@Jarek -> I've meat the curly brackets to limit the scope of "line" variable: void foo() { { String line = null; while((line = scriptInputReader.readLine()) != null) { ... do stuff with line } } ... there is no line variable here anymore } –  Chris Jun 28 '11 at 22:08
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I would use a while loop

String line = scriptInputReader.readLine();
while(line != null){
     //do stuff
     line = scriptInputReader.readLine();
}
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I would feel more at ease with while.

The first one is not that bad as it is because it is easy to understand what the loop does, but if you add more logic in the middle of the loop and the operation is complicated it will become more difficult (because people will think:'hey, if he wanted just to read a file he would have used a while, so there must be some trick').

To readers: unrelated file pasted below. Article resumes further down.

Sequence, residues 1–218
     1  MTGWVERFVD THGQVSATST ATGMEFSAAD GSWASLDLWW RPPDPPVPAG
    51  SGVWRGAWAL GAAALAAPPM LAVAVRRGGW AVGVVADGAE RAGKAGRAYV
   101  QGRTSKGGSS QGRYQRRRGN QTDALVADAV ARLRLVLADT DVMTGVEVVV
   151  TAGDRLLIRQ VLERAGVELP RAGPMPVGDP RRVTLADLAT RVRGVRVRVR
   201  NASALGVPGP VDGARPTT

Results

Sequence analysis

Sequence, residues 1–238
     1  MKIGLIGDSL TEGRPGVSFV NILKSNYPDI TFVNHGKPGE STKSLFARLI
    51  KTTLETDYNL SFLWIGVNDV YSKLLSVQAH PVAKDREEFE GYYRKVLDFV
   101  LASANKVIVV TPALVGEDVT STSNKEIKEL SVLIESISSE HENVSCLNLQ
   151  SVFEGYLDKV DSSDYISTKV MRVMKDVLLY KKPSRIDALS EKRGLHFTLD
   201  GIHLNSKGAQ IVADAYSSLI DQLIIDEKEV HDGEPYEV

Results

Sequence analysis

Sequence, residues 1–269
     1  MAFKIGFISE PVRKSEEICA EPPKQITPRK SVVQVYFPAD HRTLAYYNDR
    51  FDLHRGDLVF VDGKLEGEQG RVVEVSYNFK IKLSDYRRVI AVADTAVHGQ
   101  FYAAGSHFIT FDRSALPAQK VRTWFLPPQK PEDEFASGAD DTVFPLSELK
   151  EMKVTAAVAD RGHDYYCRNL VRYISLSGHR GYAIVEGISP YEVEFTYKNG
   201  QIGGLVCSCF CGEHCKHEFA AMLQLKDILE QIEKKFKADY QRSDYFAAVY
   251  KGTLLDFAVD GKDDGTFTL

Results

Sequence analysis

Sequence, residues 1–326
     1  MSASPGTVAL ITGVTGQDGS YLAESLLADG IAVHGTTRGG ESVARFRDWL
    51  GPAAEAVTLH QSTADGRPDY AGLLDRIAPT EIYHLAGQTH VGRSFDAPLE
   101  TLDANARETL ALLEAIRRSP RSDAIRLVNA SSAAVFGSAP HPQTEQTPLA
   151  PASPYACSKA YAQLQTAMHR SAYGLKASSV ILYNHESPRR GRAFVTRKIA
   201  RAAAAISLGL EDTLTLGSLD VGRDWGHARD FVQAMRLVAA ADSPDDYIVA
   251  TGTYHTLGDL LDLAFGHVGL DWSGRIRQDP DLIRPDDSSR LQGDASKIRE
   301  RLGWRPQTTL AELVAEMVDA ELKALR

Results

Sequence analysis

The second one (the for doing at the work, and no code inside the loop) is awful and probably in a not so distant future someone will say: 'Hey, there was a loop here and the contents were removed, but they forgot to remove the loop! I can optimize that by removing the for altogether').

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I think there are two different schools of thought here. The one as shown by Jarek Potiuk that prefers to use for/while loops for different purposes, ie. a for loop should be used when you know the range of your loop in advance (for (;i < arr.length(); i++)) while a while is preferred for unlimited situations.